Star Wars: The Rise of Skywalker was released worldwide this week, and the finale to the Skywalker saga included a franchise first: a lesbian kiss. However, the blink-and-you’ll-miss-it nature of the kiss made the moment feel less like a triumphant landmark and more like cheap tokenism.
Since 2016, director J.J. Abrams has said that he firmly believed that LGBTQ+ would be introduced in Star Wars films in the future, going so far as to say in a Daily Beast that “it seems insanely narrow-minded and counterintuitive to say that there wouldn’t be a homosexual character in that world.” As viewers of The Rise of Skywalker can attest, Abrams has made good on his promise… but just barely. The kiss in question was shared between two nameless Resistance fighters celebrating after the events of the film. It’s a fleeting moment amid a rush of chaos and celebration that could easily be missed by any moviegoer who turns to reach for a handful of popcorn. More importantly, it’s a moment that can be easily edited out of the movie for countries where depictions of homosexuality are not permitted.
To make matters worse, neither woman played a significant role in the film in any capacity – one of the pair didn’t even have a line. For a franchise with such a significant impact on pop culture, many fans expected that Star Wars The Rise of Skywalker‘s gay kiss would be a significant moment that would stand as a moment of triumph for a group that has never, until this point, been represented in the Star Wars movies (though gay characters have been featured elsewhere in canon).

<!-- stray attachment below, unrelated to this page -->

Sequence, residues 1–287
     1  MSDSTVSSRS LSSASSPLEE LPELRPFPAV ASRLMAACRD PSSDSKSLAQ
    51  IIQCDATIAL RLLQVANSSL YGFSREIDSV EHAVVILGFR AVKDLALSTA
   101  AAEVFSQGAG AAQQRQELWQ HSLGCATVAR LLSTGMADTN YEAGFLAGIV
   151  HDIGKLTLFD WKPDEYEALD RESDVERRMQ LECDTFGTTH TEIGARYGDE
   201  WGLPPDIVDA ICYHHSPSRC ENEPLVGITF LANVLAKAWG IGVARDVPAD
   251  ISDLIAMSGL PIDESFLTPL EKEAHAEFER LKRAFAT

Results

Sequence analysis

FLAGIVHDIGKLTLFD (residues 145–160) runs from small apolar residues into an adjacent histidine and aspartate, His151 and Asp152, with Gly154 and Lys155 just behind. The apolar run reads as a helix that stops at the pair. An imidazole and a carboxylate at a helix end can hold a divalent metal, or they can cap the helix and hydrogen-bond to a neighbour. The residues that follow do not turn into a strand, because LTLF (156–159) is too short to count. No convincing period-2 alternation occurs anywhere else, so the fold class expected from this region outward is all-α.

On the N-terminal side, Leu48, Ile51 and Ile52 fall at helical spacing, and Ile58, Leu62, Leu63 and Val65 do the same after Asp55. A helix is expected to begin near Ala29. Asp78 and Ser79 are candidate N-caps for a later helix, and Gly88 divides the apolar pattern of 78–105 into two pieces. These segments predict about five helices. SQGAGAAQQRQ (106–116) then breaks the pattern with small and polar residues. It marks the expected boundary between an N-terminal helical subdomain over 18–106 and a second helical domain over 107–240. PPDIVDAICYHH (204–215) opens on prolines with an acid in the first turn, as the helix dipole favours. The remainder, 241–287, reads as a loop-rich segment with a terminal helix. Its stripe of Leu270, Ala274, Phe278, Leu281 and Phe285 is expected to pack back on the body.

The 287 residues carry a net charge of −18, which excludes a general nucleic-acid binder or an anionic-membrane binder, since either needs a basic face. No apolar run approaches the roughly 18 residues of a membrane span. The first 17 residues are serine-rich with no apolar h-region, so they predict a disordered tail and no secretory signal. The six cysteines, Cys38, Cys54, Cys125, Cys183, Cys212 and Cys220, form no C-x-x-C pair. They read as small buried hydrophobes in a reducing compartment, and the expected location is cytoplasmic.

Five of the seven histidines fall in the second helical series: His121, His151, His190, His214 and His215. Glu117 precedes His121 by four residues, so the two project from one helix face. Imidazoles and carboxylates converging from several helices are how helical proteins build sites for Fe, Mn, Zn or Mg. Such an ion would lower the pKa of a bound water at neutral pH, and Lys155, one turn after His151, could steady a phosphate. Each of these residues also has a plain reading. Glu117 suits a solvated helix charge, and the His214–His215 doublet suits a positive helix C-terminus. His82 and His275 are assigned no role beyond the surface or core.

When all is said and done, The Rise of Skywalker might have been better off not featuring an LGBTQ+ moment at all. The kiss was so meaningless that no matter how positive the filmmaker’s intentions were, it comes off as little more than token representation. Additionally, J.J. Abrams’ insistence that not including a gay character is “shameful” gave fans the expectation of an LGBTQ+ character in the first place, so for the culmination of more than three year’s worth of anticipation to be an extremely brief kiss between extras feels downright insulting to fans hoping to finally see themselves represented onscreen.
Not only that, but perhaps the most frustrating aspect of the entire ordeal is the notion that Oscar Isaac and John Boyega were both outspoken proponents for a romantic relationship between Poe and Finn. Isaac, in particular, voiced his support numerous times during The Rise of Skywalker‘s press tour, indicating that at some point there was a genuine possibility for a canon relationship between to major characters.
In the end, J.J. Abrams made the decision to follow through on his promise of including a gay Star Wars character not by using major characters with preexisting chemistry, but instead by using throwaway background characters. While the lesbian kiss may have technically been the Star Wars movies’ first LGBTQ+ moment, the utter lack of importance makes it difficult to celebrate such a “big” moment, when the possibility for a much more significant relationship was presented but passed over.
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